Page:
If there is one thing Beleden specialized in, it was the examination of the races. When did the Gnosians split off from just being a special Human, to being an entirely different race? Why did Humans, the weakest of the races, the most internally divided, the most consistently corrupt, nevertheless hold the most territory of all the races, and survive, even thrive up to our most recent records? By what process did the Gnosians evolve? Where did the Big Three come from? Why did the Merfolk and Swifts remain in their own lands for the entire First and Second Age of history, existing as mere myths to Humans?
Some of these questions were never answered, but some of them we may examine here. I will begin with the Humans, because even now, being self-absorbed is our specialty.
A hardy folk inhabited Canolog from the earliest records. Perhaps they washed up on the shore, perhaps it was of that rich soil they were formed (Beleden believed firmly in a great power present in the creation of Tolendria, responsible for Humans, the appearance of Gnosians, and all forms of life shape). They were mountain people, herding goats in the southern mountains, rarely venturing into the wild prairies of the West or up through the river country all the way to the wild northern mountains that stabbed into the clouds and docked the Cloud Country, not be explored until a few thousand years later.
Eventually, over uncounted years, farms spread up the Rhanu River, and where it forked at its southern split, a first settlement was established, though it would not be named until the kingdom was established over the next five centuries. The kingdom was collectively referred to as Canolfan, and encompassed family groups from the southern mountains to the farmers along the Rhanu. From the records the Canolfaians kept during these beginning times came the first methods of time keeping known to the Humans of Canolog. Additionally, great nomadic tribes roamed the western lands, taming horses, following and hunting great herds of wild beasts through the waves of wild grass. They never formed organized communities, but no group during that age dared risking men against the mounted warriors in order to gain access to the vast open plains. Besides, there were lurking rumors of such mysteries commonly known as magic practiced across the wild grass.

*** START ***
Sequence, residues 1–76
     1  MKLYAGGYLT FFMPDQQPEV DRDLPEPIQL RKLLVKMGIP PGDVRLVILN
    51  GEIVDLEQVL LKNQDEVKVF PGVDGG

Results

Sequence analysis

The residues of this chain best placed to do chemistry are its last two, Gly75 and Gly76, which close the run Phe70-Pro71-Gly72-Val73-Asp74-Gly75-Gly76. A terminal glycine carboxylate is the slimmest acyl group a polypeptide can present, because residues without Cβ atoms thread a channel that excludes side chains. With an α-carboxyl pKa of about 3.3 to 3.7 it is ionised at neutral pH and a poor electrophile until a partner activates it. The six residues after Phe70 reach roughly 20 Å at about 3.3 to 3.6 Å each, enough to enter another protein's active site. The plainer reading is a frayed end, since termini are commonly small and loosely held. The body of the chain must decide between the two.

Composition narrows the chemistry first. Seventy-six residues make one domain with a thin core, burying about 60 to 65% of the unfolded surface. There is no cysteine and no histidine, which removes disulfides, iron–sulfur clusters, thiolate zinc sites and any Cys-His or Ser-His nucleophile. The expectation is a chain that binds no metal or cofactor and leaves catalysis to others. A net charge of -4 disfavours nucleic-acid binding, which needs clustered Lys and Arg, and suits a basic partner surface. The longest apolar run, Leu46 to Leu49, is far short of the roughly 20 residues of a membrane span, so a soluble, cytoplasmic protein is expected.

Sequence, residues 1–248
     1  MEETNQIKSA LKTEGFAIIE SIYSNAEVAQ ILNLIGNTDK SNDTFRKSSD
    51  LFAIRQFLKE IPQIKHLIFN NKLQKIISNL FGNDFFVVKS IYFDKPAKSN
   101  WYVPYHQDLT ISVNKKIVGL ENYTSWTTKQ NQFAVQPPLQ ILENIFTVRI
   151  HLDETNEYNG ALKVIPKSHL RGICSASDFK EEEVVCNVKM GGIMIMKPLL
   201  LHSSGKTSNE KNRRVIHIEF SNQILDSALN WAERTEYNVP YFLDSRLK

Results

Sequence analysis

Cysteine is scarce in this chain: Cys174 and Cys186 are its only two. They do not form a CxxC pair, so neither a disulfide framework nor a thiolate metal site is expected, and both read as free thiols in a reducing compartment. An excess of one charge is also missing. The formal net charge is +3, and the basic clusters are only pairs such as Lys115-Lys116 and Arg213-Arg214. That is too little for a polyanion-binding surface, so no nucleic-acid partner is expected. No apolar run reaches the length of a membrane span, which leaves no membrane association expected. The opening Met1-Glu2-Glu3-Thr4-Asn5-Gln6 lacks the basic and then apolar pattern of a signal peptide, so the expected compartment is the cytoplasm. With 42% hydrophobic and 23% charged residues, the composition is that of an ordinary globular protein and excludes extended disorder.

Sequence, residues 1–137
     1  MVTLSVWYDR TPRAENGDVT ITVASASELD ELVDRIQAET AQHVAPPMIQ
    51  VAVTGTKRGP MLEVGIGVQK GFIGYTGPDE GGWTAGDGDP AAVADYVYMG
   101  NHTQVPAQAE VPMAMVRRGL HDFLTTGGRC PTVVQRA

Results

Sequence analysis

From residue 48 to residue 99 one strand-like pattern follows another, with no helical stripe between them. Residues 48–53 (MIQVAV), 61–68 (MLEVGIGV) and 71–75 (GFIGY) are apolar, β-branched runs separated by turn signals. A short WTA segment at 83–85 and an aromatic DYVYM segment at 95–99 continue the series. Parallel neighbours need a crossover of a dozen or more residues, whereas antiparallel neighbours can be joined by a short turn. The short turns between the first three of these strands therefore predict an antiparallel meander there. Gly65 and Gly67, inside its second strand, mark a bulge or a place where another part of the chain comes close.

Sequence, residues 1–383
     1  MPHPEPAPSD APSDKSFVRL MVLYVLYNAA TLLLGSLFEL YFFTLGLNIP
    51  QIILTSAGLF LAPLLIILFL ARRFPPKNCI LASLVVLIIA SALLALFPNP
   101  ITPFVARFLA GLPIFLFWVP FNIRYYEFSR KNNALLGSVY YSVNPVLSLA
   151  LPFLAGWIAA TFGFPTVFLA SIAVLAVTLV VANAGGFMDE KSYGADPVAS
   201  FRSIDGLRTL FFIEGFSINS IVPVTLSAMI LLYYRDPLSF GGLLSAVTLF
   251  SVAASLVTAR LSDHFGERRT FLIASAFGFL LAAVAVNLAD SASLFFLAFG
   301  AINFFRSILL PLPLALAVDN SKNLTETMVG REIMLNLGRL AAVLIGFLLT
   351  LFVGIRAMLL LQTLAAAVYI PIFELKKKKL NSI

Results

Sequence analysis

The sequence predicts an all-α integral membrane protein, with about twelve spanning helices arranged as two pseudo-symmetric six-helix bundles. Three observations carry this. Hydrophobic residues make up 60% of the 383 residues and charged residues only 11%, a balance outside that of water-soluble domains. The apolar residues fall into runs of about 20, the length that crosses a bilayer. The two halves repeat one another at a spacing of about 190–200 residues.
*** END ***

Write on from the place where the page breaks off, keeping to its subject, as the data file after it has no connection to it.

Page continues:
In the East, one threat to Canolfan clawed its way to power, unifying the family groups that clustered around the self-named Lygeden Lake and rivers sprouting from it. Eventually, Lygeden and Canolfan went to war with one another, and at what would become the city Canolfan, a final battle sealed the defeat of Lygeden. After negotiating an alliance with certain western tribes, a mounted charge as the last Canolfaian defense routed the Lygeden forces and changed the course of the battle. The entire island of Canolog was united under one banner, Canolfan was named the capital, and the first age ended with the Humans settling into various roles. Some were lumberjacks, a vast business as the populace grew and cities sprouted, many were farmers and fishermen, still others fell to crafting and commerce. With the regulations of the united kingdom, Canolog flourished. So began the second age.
The great Golden Age of the Humans, the time Gwydion came to power, was the first time Gnosians were recorded. Humanity now became a grey area. Some had the potential to become Gnosians, some fell to become shadows of men, known as Igori. These Possessors were manipulators, attacking with their willpower and taking the bodies of their prey for their own, or to destroy from the inside. Gnosians were their natural enemies, for while an Igorus would overpower a creature both physically and mentally, a Gnosian could have one awareness do the fighting while the other focussed its will to keep the Igorus at bay, even performing a counter attack. When Goedwig, one of the Big Three, ancient guardian entities of Tolendria, cursed Gwydion, he opened the door for him to become a Gnosian by providing the seal. This is the first instance I can find of a 'made' Gnosian. However, Gwydion was already a potential Gnosian through descent, so that offers further complications.